If a bigger screen is easier to read, and there is room for it, a numerical keyboard is good. FFS, it is easier to type any number (telephone number, credit card number) on a numerical keypad than it is by whipping your hand from left to right above the Q to P keys. If you have limited dexterity and arm strength, this is even more important.

Have you even thought this through?

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Re: Here's the specs

It might be that the older person needing a laptop with easy to read keys, etc, isn't a senile old duffer but, say, a programmer. But thanks for the patronising attitude - us oldies can never get enough of that

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Windows

Me to

I spend at least half my time editing what I have typo'd!!

This new lappie for oldies, will it have a better DVD tray, to hold my cocoa mug more securely??

I know what it looks like, but it is really a self-heating can of cocoa.

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Here in Sonoma, Californa ...

... the saying is "60 is the new 40".

Fujitsu can fuck right the hell off. Ageist bastards.

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Re: Here in Sonoma, Californa ...

Fujitsu can fuck right the hell off. Ageist bastards.

You know, if you have ever had to help someone who can't even write anymore because of Parkinsons or who needs bifocals to see properly you'd know what a stupid comment that really is.

You could have used the space to make an intelligent comment like "but it's not just the hardware, I dread to think a beginning senior computer user using Windows 8" but no, that would not represent the right lack of maturity.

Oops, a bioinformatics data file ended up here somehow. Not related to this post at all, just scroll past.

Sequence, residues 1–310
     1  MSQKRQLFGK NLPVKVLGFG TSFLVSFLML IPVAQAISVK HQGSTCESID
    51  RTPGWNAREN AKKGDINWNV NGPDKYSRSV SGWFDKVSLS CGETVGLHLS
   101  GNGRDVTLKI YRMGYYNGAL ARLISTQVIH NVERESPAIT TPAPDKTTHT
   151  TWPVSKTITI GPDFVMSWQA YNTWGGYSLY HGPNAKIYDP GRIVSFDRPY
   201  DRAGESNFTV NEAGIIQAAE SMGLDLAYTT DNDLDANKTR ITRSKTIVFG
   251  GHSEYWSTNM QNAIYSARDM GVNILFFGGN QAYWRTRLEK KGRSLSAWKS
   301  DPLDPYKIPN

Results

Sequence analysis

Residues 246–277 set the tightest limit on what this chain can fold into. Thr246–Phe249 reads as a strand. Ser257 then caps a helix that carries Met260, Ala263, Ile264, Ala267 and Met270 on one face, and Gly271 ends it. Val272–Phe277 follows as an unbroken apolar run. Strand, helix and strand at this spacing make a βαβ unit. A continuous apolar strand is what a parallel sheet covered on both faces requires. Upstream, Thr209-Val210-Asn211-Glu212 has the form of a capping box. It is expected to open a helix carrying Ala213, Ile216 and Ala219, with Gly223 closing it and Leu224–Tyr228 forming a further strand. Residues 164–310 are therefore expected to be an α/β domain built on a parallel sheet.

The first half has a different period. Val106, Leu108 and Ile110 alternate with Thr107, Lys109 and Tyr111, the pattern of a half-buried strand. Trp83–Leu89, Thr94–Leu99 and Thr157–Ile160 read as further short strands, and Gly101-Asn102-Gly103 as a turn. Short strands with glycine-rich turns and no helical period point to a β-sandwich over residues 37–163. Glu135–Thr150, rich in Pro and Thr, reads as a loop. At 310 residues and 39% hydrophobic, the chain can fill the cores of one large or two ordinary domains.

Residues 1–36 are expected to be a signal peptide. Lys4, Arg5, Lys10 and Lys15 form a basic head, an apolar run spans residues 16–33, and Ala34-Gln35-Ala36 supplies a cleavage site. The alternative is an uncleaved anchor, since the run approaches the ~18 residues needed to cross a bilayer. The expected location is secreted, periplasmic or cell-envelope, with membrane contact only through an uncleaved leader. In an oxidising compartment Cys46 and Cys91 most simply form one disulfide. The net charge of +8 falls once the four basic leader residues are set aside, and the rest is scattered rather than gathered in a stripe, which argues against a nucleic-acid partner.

I hereby wish you getting old soon. You're doing well on the dementia already.

As for Fujitsu, it's an obvious market but (as stated above), usability is not just big keys. The iPad story above I can confirm, and that was after an Android tablet proved to be too difficult. The issue is not so much apps, it's the lack of lock down ability - still not perfect for the iPad, but somehow worked better for the user I had to deal with which is IMHO the only true metric you can apply.

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@AC (was: Re: Here in Sonoma, Californa ...)

Note that I was discussing the ageist mentality of fujitsu marketing, not the physical ability of the potential end user.

I'm over 50, if it matters.

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Re: @AC (was: Here in Sonoma, Californa ...)

Does that mean manufacturers of hearing aids are ageist?

Does that mean BMW are ageist for implementing softer floors in their factories for the benefit of an ageing German workforce?

I don't get why you object to a product being designed to mitigate the effects that aging has on many people's bodies. Nobody is saying that all older people have arthritis or poor eye-sight, but some do.

FFS, this is Japan, where the birth rate is so low that much of their research into robots is aimed at caring for their older population.

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Re: @AC (was: Here in Sonoma, Californa ...)